You will recall Alma’s teaching his son Corianton that unchastity is the most serious offense there is in the sight of God, save murder or denying the Holy Ghost. (See Alma 39:5.) You will remember, too, these words from Paul’s first epistle to the Corinthians:
“Know ye not that ye are the temple of God, and that the Spirit of God dwelleth in you?
“If any man defile the temple of God, him shall God destroy.” (1 Cor. 3:16–17.)
Some years ago the First Presidency said to the youth of the Church that a person would be better dead clean than alive unclean.
I remember how my father impressed the seriousness of unchastity upon my mind. He and I were standing in the railroad station at Rexburg, Idaho, in the early morning of 12 November 1920. We heard the train whistle. In three minutes I would be on my way to Australia to fill a mission. In that short interval my father said to me, among other things, “My son, you are going a long way from home. Your mother and I, and your brothers and sisters, will be with you constantly in our thoughts and prayers; we shall rejoice with you in your successes, and we shall sorrow with you in your disappointments. When you are released and return, we shall be glad to greet you and welcome you back into the family circle. But remember this, my son: we would rather come to this station and take your body off the train in a casket than to have you come home unclean, having lost your virtue.”
I pondered his statement at the time. I did not then have the full understanding of it that my father had, but I remembered it every time I approached temptation. I understand it better now, and I feel the same way about my sons and grandsons as he felt about me.
I can think of no blessings to be more fervently desired than those promised to the pure and virtuous. Jesus spoke of specific rewards for different virtues. But he reserved the greatest, it seems to me, for the pure in heart; “for they,” said he, “shall see God.” (Matt. 5:8.) And not only shall they see the Lord, but they shall feel at home in his presence. Here is his promise:
“Let virtue garnish thy thoughts unceasingly; then shall thy confidence wax strong in the presence of God.” (D&C 121:45.)
The rewards for virtue and the consequences of unchastity are dramatically portrayed in the lives of Joseph and David. Joseph, though a slave in Egypt, stood true under pressure of great temptation. As a reward he received the choicest blessings of all the sons of Jacob, and he became the progenitor of the two favored tribes of Israel. Many take pride in being numbered among his posterity.
David, on the other hand, though highly favored of the Lord—indeed, he was referred to as a man after God’s own heart—yielded. His unchastity led to murder. And the consequences? Like Lucifer, he fell; he lost his families and his exaltation. (See D&C 132:39.)
So it has always been and always will be: the laws of retribution are so devised that one cannot with impunity disregard the seventh commandment, “Thou shalt not commit adultery.” (Ex. 20:14.) The penalty for so doing under the Mosaic law was death. Notwithstanding the fact that in this generation’s corrupt permissiveness the violation of the law of chastity is tolerated with impunity, under God’s divine law it is as it has always been, a soul-destroying sin. Its self-executing penalty is spiritual death. No unforgiven adulterer is magnifying his calling in the priesthood; and, as President J. Reuben Clark, Jr., used to say, the Lord had made “no fine distinctions … between adultery and fornication.” (In Conference Report, Oct. 1949, p. 194.) Nor, may I add, has he made such distinctions between adultery and sex perversion.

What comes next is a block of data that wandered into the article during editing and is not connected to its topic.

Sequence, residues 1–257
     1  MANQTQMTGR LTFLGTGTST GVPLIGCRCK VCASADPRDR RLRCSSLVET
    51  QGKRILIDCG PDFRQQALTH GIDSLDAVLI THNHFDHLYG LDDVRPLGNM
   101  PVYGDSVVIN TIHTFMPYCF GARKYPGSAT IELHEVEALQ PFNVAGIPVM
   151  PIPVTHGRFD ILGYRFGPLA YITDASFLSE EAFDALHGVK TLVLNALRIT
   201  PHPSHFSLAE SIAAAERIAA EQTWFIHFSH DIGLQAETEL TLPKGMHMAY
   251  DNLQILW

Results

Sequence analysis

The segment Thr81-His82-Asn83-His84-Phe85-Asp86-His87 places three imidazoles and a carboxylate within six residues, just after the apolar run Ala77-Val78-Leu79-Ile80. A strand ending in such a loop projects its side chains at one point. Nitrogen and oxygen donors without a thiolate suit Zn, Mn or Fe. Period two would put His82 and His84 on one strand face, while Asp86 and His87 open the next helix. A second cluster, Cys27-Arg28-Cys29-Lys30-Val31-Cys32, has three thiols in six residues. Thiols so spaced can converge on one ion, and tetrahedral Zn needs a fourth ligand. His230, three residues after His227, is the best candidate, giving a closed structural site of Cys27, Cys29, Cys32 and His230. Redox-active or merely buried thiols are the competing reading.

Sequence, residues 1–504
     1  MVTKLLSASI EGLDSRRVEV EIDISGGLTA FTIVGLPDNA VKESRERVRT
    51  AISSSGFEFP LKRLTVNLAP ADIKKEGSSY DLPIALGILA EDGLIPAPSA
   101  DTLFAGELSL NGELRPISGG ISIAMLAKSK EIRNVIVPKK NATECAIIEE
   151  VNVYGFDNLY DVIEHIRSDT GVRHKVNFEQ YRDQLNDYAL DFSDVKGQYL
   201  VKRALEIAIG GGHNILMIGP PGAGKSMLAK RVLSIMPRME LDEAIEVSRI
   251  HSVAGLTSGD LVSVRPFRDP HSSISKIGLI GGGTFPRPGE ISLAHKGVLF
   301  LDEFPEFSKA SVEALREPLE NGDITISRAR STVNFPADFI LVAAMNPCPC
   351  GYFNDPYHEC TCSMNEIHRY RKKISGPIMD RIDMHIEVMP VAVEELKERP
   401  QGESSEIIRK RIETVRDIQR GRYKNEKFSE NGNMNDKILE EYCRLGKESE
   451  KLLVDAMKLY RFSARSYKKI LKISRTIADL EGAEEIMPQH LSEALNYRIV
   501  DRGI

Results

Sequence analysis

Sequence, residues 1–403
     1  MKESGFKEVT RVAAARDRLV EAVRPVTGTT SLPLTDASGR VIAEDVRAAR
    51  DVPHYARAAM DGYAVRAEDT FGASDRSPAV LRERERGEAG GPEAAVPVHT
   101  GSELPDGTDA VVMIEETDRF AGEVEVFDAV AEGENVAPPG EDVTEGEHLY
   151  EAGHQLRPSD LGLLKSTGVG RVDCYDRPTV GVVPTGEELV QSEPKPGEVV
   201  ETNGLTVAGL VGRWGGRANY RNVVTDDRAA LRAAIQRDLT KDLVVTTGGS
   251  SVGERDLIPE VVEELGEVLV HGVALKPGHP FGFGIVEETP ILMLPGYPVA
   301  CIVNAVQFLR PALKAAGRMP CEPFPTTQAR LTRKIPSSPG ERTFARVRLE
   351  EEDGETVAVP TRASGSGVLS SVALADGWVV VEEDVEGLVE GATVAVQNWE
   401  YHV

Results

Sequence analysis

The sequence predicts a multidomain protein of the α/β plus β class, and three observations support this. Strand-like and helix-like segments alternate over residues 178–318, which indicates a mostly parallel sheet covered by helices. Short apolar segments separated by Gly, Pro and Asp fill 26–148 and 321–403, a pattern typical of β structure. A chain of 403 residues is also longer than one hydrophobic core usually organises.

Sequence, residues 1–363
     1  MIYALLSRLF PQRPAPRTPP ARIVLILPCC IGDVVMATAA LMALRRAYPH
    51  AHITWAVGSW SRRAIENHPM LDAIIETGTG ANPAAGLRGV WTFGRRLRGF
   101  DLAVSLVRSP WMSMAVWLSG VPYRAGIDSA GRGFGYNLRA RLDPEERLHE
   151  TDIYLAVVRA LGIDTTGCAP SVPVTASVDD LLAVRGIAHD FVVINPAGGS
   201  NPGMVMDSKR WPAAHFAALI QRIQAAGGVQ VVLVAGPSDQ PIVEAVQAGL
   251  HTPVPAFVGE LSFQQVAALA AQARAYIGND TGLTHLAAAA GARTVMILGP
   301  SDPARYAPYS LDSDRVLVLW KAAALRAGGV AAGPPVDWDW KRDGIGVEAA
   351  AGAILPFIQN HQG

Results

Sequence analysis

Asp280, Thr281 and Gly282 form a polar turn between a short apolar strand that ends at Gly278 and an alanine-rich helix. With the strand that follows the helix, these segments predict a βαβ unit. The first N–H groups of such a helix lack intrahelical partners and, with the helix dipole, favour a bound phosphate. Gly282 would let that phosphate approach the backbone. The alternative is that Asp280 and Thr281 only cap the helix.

I am advised that in some circles the teaching of personal purity is outmoded and that promiscuity and other degenerate sex practices are condoned and at times encouraged. Do not be misled by such satanic sophistry, for in truth it is of the evil one.
President Clark, in a conference address in October 1938, said: “Chastity is fundamental to our life and to our civilization. If the race becomes unchaste, it will perish. Immorality has been basic to the destruction of mighty nations of the past; it will bring to dust the mighty nations of the present. …
“You young people—May I directly entreat you to be chaste. Please believe me when I say that chastity is worth more than life itself. This is the doctrine my parents taught me; it is truth. Better die chaste than live unchaste. The salvation of your very souls is concerned in this.” (In Conference Report, Oct. 1938, pp. 137–38.)
Now, my dear friends, I know there is nothing new in what I have said. These things are time-tested; they are true. To this I testify.
1. Relate your feelings about the blessings of obeying the law of chastity.
2. Are there some scriptural verses or other quotations in this article that the family might read aloud, or some supplemental scripture you desire to read together?
3. President Romney says, “Under God’s divine law [unchastity] is as it has always been, a soul-destroying sin. Its self-executing penalty is spiritual death.” Discuss some of the reasons unchastity brings spiritual death (separation from God). And why, on the other hand, do chastity and virtue bring “confidence … in the presence of God”?
4. Discuss how we can prepare ourselves to always obey the law of chastity.
5. Would this discussion be better after a pre-visit chat with the head of the house?